OSHA Administrator John Henshaw says the negotiated rulemaking process is "the most effective way" for participants to draft a new document. It is expected to be finalized by the end of the year. According to Henshaw and others, new technology, such as load indicators, will be a central issue in the new standard. "The document will contain a lot of language that is in the American National Standards Institute B30.5 safety standard for cranes," says Graham Brent, executive director of the National Commission for the Certification of Crane Operators, Fairfax, Va.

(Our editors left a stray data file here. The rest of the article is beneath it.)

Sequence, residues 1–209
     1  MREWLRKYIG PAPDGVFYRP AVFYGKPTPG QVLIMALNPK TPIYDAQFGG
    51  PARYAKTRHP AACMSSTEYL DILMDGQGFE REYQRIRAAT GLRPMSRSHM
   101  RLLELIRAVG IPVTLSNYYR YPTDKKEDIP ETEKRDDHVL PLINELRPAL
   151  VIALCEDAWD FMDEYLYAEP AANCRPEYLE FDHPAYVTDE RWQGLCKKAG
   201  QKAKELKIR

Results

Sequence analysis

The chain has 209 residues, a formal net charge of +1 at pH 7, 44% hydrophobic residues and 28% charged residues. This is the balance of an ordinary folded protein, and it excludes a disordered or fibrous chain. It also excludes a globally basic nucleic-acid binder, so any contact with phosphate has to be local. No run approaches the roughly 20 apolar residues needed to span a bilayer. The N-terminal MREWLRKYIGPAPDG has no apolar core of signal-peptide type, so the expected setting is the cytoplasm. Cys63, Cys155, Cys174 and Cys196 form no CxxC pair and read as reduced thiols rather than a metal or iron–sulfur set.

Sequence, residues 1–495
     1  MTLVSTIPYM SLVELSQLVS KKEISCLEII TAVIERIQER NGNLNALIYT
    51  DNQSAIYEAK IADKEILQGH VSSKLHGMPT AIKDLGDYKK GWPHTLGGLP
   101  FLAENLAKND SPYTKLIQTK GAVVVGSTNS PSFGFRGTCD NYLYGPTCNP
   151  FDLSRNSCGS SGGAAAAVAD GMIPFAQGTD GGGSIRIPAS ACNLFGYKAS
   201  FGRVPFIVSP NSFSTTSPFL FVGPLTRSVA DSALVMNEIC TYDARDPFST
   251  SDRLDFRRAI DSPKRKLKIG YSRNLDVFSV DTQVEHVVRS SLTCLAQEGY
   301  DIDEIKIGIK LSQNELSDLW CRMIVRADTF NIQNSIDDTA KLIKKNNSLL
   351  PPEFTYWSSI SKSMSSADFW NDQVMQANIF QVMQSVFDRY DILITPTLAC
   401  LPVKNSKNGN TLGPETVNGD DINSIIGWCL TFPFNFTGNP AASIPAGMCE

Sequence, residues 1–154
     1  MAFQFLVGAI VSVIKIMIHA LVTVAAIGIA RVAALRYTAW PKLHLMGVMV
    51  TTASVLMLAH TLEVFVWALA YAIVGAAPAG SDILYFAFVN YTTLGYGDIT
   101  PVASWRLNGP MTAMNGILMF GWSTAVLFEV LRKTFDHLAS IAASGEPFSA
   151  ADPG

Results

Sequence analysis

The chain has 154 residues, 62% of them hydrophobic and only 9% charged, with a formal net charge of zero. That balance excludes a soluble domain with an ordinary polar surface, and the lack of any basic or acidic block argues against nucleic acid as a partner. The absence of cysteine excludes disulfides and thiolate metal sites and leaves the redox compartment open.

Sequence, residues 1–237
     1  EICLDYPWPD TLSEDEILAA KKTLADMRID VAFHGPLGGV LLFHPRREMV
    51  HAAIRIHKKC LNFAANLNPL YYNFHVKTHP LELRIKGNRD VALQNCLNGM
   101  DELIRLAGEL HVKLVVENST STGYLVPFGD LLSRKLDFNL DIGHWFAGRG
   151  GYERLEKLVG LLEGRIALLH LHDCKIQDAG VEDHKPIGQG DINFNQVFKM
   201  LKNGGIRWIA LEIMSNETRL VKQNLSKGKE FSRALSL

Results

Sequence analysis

OSHA is accepting public comments on the standard until March 31.
he Occupational Heath and Safety Administration is preparing to move into negotiated rulemaking this spring on a replacement for a 30-year-old crane and derrick safety standard that industry experts say needs updating. On Feb. 27, OSHA announced its list of members who will serve on an industry advisory committee, which will meet in May or June, officials say.